Fewell Sees Continued Need For Rooney Rule

Perry Fewell told the Daily News that all of his head coaching interviews were legitimate. But that doesn't mean it's time to get rid of the "Rooney Rule" for minority coaches.

Perry Fewell had the offseason of his life so far. With interviews for head coaching spots in Carolina, Cleveland, and Denver, and an expressed interest from the 49ers, the Giants' defensive coordinator was what one might call a "hot" candidate.

The question that popped up repeatedly, though, was whether Fewell was simply being used as a "Rooney Rule" candidate -- one who is called in for a sham interview to satisfy the NFL mandate that at least one minority candidate be considered for any major job. Fewell is African-American.

The other discussion that arose was whether the rule was necessary at all. Given the fact that African-American head coaches are commonplace now -- Al Davis just hired Hue Jackson in Oakland, and two of the four coaches involved in Sunday's conference championship games, Chicago's Lovie Smith and Pittsburgh's Mike Tomlin are also African-American -- is it now time to dispense with it and allow coaches to stand on their own merits.

Fewell's answers were "No" and "No."

In an interview in Sunday's Daily News with Giants beat writer Ralph Vacchiano, Fewell said he felt all three of his interviews were legit. He also said the time for the Rooney Rule has not passed, as many more minority coaches have shown the prerequisites to be head coaches.

"I think the Rooney Rule is a great rule," Fewell said. "As a young assistant coach entering into the National Football League in 1998, you wonder: How do you go about meeting the owners and general managers if you aspire to be a head coach? The Rooney Rule is a vehicle that gives you an avenue to put yourself in front of them and make them think about you."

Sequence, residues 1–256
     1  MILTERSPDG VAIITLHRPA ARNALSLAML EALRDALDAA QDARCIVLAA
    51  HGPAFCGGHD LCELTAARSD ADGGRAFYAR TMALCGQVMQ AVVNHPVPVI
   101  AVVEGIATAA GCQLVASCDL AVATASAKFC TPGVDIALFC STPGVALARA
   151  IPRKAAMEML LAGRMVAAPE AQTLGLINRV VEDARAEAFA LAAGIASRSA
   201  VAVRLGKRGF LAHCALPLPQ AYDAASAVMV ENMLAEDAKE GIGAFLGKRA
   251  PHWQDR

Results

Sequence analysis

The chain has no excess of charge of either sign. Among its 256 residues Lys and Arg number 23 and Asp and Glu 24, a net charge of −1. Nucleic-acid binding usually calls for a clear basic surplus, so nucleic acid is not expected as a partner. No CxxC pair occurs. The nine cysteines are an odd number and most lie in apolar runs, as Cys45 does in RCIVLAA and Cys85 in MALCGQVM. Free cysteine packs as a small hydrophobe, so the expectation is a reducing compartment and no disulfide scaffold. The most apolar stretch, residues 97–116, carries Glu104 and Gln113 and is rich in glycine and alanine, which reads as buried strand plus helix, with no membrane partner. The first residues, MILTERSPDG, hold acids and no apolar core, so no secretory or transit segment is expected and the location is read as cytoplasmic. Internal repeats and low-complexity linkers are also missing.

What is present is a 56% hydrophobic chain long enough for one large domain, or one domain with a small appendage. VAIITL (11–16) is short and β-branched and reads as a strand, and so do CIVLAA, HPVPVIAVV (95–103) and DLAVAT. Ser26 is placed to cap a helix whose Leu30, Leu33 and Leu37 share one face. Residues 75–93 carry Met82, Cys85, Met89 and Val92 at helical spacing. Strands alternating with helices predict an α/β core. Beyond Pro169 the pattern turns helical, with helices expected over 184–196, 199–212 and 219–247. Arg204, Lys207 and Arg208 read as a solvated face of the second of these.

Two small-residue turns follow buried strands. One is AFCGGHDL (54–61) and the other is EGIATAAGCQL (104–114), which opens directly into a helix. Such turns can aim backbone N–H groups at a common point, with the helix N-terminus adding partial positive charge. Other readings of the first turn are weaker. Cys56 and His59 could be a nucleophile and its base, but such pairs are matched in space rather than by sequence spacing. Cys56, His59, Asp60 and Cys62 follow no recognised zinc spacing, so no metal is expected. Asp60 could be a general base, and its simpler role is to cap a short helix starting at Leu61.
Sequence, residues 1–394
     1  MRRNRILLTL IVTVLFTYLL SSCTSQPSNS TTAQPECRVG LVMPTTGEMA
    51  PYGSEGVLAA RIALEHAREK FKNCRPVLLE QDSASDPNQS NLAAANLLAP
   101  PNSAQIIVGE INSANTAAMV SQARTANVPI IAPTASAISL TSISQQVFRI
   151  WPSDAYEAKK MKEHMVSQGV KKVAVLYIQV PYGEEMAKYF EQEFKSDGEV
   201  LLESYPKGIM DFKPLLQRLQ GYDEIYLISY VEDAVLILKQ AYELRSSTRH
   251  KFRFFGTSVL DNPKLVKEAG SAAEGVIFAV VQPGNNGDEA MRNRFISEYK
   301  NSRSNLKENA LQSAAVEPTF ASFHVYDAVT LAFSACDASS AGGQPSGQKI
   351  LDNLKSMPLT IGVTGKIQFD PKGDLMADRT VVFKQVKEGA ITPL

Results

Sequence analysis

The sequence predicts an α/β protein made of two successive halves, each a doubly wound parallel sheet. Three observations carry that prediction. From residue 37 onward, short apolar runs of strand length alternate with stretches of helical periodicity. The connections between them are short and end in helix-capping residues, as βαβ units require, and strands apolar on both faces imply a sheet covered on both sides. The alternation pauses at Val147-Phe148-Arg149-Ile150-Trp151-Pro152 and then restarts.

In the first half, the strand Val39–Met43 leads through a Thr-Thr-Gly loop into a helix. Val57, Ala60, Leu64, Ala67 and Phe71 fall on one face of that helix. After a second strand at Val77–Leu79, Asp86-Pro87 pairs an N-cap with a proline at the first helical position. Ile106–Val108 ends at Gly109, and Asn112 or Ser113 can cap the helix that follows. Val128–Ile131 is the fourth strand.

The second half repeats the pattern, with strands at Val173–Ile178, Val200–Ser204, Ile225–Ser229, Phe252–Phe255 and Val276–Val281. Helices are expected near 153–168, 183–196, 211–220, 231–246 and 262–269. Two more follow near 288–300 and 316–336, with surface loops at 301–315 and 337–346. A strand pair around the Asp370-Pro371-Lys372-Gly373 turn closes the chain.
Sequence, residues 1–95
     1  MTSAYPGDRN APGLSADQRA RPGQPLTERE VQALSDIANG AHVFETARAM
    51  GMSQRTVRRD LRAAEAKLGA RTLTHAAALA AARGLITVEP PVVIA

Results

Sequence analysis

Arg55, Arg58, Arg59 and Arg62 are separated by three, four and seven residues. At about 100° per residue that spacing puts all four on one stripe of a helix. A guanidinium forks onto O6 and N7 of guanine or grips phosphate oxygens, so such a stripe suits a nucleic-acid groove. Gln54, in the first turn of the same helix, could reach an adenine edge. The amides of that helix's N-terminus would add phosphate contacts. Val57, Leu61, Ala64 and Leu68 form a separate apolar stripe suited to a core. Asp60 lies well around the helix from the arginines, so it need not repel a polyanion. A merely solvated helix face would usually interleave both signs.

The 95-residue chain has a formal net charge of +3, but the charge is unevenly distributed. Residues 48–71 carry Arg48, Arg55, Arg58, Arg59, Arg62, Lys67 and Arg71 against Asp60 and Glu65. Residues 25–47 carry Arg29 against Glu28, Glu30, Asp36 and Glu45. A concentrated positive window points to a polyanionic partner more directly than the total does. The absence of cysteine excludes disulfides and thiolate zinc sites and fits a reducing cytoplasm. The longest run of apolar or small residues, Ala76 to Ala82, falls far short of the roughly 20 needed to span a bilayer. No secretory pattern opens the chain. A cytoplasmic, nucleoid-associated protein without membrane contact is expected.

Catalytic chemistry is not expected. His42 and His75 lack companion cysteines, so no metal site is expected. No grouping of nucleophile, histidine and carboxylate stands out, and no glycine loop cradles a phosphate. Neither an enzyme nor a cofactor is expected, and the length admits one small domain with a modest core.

Fewell said the experience of presenting himself in front of the same people who can advance his career was invaluable.

"There's only 32 of these things," Fewell said of coaching jobs. "So I'm more determined now. I'm not really discouraged. I learned a lot in the process. It's an education you get when you have an opportunity to go to the other organizations and interview with them. But I found out that I am prepared in many ways. I think I'm qualified. I think I'm ready."

Did he believe he was being "Rooney Ruled?"

"Did I feel like I was being used in any way? No I didn't," Fewell said. "I thought the interviews were very legit. I thought there was a genuine interest. And I think I met people and developed a relationship with people that if they didn't help me now, they could possibly help me down the road.

"You could tell when they are seriously interested by the questions they asked and their body language. I was very fortunate in that I felt all three teams were very interested and wanted to know who I was and what I represented."

The feeling around the league is split over the rule that was enacted in 1993. Of the league's 32 coaches, seven are black and one, the Panthers' Ron Rivera, is of hispanic descent. That's 25 percent, which would seem to provide enough evidence to get rid of the rule. But the rule still stands as a safeguard against the NFL falling back into its old ways.

It would be hard to convince Fewell otherwise.

"I think it's a great tool for minority coaches to have the opportunity to sit in front of an owner or a GM to present who you are and what you represent," Fewell said.

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